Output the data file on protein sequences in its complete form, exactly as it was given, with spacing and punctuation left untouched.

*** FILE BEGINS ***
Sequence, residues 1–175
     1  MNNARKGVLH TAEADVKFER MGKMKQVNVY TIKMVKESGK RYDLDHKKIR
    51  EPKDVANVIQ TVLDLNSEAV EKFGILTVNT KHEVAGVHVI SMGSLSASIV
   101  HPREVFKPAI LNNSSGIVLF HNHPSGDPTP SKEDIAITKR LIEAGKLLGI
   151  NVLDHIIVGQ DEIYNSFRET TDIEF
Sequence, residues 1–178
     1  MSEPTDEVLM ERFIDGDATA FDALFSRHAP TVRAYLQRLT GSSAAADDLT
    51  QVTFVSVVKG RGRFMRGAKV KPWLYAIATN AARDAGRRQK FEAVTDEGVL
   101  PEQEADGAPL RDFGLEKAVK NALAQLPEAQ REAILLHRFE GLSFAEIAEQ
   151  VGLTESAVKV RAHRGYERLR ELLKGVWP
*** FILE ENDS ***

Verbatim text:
Sequence, residues 1–175
     1  MNNARKGVLH TAEADVKFER MGKMKQVNVY TIKMVKESGK RYDLDHKKIR
    51  EPKDVANVIQ TVLDLNSEAV EKFGILTVNT KHEVAGVHVI SMGSLSASIV
   101  HPREVFKPAI LNNSSGIVLF HNHPSGDPTP SKEDIAITKR LIEAGKLLGI
   151  NVLDHIIVGQ DEIYNSFRET TDIEF
Sequence, residues 1–178
     1  MSEPTDEVLM ERFIDGDATA FDALFSRHAP TVRAYLQRLT GSSAAADDLT
    51  QVTFVSVVKG RGRFMRGAKV KPWLYAIATN AARDAGRRQK FEAVTDEGVL
   101  PEQEADGAPL RDFGLEKAVK NALAQLPEAQ REAILLHRFE GLSFAEIAEQ
   151  VGLTESAVKV RAHRGYERLR ELLKGVWP